Washington’s latest “it” grape is one that has been around for decades but is just now, finally, coming into vogue.
Grenache is one of the most-planted red grape varieties in the world, yet it’s found in small — and expensive — amounts in Washington and the rest of the Pacific Northwest.
Last fall, Washington grape growers harvested just 900 tons of grenache (out of 210,000 total tons of grapes). Because of its rarity, quality and rising popularity, grenache was the most expensive grape grown in Washington last year, costing $1,889 per ton (by comparison, cabernet sauvignon averaged $1,440 a ton).
THE SIX HE PICKED
The Times’ Andy Perdue chose these wines for readers to try. The tasting notes are a compilation of readers’ opinions of the six grenaches we tasted under blind conditions, meaning nobody knew which wines they had in their glasses until we were all finished.
Smasne Cellars 2010 Upland Vineyard grenache, Snipes Mountain, $34: A smoky red with dark cherry flavors and hints of black licorice.
Trio Vintners 2010 Far Away Vineyard grenache, Yakima Valley, $26: Smooth and bright with notes of strawberry and cranberry.
Bunnell Family Cellar 2009 grenache, Columbia Valley, $34: Hints of wild strawberry and cherry Life Saver give way to notes of violet, red berry and bright acidity.
Mercer Estates 2010 Spice Cabinet Vineyard grenache, Horse Heaven Hills, $30: A richer wine with dark-toned fruit and a sprinkling of cocoa powder.
Alexandria Nicole Cellars 2011 Purple Reign grenache, Horse Heaven Hills, $42: Blue and purple fruit, including blueberry and huckleberry, with integrated oak.
Milbrandt Vineyards 2011 Clifton Hills grenache, Wahluke Slope, $28: A beautifully smooth and sexy wine with notes of red cherry and watermelon Jolly Rancher.
All of this made grenache a good choice for presenting to The Seattle Times’ inaugural readers’ tasting panel this summer.
As coordinator and host, I invited 25 readers to join me at Alexandria Nicole Cellars in Woodinville to explore the world of Washington grenache. We tasted through six examples from five American Viticultural Areas. Each wine showed different characteristics of the grape, and we had a great time enjoying them all. We’ll continue to host tasting panels once a quarter, including about 175 readers who joined it this past spring. Each tasting will focus on a different aspect of wine.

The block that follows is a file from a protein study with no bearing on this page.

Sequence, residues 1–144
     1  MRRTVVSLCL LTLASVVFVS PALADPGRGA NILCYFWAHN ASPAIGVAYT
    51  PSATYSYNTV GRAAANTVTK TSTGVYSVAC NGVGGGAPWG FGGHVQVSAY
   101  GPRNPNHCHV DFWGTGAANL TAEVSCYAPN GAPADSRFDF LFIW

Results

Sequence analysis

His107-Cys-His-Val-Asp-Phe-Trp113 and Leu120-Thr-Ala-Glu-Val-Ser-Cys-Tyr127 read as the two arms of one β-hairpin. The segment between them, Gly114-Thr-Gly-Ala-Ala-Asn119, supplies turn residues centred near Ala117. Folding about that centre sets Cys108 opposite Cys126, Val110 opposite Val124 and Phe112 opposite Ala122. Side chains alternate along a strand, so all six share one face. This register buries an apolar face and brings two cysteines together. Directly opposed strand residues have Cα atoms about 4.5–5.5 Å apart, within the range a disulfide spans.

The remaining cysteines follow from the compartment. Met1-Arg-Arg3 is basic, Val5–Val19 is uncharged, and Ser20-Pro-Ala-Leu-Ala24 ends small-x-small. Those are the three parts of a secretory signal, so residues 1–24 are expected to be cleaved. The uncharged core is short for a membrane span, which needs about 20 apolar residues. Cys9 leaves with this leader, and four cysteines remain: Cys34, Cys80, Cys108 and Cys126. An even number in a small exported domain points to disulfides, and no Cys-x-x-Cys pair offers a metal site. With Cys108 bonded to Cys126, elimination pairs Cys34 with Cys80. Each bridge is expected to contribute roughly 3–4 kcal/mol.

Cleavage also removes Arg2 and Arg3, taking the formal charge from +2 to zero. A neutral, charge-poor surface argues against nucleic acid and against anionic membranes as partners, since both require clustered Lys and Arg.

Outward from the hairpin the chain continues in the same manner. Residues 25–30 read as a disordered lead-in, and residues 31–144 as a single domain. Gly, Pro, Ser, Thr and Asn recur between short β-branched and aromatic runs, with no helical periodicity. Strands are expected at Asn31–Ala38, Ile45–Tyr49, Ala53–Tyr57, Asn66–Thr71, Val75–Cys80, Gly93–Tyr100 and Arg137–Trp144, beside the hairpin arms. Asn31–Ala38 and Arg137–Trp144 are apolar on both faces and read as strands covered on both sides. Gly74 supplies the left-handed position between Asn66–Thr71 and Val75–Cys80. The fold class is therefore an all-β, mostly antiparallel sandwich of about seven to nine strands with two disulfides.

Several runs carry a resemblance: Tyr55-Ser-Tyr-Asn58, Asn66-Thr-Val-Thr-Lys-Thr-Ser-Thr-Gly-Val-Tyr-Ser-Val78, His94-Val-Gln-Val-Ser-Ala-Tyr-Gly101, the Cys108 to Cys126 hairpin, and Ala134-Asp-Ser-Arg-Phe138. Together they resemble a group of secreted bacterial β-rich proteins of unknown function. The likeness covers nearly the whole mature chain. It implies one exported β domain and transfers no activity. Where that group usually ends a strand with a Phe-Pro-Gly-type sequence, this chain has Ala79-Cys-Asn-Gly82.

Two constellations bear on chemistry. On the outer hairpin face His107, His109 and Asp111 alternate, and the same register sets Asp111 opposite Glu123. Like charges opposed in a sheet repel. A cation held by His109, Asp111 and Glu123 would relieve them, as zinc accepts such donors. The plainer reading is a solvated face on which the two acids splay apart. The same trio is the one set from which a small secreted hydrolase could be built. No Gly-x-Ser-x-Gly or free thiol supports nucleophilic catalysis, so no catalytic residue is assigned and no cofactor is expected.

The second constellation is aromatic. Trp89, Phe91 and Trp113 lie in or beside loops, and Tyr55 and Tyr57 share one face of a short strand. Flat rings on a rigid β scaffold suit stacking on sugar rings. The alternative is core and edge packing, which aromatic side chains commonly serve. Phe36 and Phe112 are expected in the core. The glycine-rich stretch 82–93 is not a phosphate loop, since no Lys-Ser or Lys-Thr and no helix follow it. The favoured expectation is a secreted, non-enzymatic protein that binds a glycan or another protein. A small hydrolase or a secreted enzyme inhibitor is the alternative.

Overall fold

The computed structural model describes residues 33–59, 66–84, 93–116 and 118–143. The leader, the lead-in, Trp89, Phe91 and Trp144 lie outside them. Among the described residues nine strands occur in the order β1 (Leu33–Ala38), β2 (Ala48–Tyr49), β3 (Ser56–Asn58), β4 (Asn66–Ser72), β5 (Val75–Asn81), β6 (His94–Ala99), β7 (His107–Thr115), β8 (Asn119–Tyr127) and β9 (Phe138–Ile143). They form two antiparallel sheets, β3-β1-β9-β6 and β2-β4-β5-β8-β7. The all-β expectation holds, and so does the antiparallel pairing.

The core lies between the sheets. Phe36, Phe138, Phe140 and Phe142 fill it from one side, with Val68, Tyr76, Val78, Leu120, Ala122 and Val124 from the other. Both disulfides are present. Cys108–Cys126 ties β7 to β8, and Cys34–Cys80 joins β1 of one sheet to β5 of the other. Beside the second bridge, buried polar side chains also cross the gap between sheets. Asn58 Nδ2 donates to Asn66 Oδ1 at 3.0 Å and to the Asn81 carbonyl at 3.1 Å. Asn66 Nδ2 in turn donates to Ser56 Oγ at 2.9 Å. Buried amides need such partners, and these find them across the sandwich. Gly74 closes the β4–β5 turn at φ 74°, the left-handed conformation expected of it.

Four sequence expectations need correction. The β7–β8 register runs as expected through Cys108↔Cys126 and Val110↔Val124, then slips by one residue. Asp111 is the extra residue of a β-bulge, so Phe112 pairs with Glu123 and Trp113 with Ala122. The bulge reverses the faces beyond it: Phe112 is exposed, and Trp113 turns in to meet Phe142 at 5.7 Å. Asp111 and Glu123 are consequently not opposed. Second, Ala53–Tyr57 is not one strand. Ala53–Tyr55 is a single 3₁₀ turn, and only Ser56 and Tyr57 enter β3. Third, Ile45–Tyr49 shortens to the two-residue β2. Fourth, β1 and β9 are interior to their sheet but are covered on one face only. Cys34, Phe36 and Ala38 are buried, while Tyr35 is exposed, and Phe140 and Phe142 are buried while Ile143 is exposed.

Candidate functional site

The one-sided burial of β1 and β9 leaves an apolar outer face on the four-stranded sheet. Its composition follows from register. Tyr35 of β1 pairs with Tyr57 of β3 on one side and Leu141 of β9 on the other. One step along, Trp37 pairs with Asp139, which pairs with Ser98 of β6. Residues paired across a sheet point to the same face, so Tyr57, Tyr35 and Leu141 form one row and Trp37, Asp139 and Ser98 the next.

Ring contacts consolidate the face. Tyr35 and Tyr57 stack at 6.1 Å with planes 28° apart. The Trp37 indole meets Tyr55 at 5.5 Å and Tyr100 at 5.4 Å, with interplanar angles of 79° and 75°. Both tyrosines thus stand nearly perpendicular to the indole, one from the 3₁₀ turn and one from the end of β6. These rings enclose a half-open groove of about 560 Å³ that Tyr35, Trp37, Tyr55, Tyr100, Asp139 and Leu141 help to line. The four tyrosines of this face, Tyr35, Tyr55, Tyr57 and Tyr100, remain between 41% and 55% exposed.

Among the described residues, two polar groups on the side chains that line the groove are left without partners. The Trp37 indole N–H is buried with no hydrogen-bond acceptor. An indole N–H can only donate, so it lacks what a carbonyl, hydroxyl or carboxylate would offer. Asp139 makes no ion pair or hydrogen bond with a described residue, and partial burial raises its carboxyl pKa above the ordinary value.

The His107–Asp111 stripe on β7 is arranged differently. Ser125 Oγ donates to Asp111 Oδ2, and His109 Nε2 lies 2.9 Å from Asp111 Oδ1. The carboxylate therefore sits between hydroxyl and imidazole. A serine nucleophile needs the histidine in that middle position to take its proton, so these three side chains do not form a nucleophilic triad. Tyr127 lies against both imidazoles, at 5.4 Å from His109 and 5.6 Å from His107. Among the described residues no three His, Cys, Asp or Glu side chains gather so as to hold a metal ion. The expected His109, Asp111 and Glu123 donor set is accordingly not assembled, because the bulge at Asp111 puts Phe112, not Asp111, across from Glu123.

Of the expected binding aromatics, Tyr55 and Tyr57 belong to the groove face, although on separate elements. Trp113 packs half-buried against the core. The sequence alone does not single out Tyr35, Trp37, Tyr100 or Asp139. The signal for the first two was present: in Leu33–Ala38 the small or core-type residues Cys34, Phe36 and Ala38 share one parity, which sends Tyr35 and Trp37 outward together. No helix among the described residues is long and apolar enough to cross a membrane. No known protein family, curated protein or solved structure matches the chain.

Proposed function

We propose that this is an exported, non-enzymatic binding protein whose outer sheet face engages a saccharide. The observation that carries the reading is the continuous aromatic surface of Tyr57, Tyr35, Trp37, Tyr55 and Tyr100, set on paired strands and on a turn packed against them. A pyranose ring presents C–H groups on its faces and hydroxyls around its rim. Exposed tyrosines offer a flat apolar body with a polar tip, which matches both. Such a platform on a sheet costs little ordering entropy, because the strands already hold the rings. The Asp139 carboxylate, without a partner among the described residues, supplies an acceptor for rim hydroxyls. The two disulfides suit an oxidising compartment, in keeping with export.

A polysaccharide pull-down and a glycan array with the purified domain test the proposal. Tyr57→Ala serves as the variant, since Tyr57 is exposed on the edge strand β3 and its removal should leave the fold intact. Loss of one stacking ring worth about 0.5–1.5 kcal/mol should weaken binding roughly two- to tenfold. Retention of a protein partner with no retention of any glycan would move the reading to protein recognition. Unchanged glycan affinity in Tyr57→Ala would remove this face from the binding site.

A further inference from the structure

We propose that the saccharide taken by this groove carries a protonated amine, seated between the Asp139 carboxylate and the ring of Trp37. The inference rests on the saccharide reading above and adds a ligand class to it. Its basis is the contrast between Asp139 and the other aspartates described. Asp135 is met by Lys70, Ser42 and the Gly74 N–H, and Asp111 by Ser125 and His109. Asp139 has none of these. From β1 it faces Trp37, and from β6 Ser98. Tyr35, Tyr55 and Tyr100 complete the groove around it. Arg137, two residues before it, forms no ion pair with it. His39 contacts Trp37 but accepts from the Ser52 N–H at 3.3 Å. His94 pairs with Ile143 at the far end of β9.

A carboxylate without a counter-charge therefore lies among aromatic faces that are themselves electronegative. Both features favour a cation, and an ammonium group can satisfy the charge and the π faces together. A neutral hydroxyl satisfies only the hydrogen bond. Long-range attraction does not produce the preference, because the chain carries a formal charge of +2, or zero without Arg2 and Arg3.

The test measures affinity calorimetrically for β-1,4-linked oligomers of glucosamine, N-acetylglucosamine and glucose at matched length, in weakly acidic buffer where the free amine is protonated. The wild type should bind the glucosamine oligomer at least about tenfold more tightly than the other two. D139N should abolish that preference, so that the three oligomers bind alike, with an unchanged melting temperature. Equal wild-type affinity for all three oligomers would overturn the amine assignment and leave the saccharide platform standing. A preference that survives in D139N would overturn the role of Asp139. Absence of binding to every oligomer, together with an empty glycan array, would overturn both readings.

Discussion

As for grenache, it is thought to have originated in Spain, where it’s known as garnacha. But it’s most famous in France’s Southern Rhône Valley, where it’s a key part of that region’s blends.
Grenache has been around in Washington since at least the 1950s, when National Wine Co. (a precursor to Chateau Ste. Michelle) began planting it. When the first “Ste. Michelle Vintners” label was introduced in 1967, grenache rosé was among the first offerings. The grape ultimately fell out of favor because the tender vines had difficulty handling Eastern Washington’s occasionally harsh winters.
Today, one of the fastest-growing categories of Washington blends is “GSM” — grenache, syrah and mourvèdre. But many winemakers also are spotlighting grenache by bottling the wine alone. The resulting wine tends to show off high-toned red fruit flavors, including cherry, strawberry and cranberry, backed by bright acidity and mild tannins.
It’s not difficult to find examples of Washington grenache. At least 50 grenache-leading red blends are produced, as well as 30 or more single-variety bottlings. In addition, a small handful of bright, approachable grenache rosés can be tracked down with a bit of effort.
Andy Perdue is a wine author, journalist and international judge. Learn more about wine at www.greatnorthwestwine.com.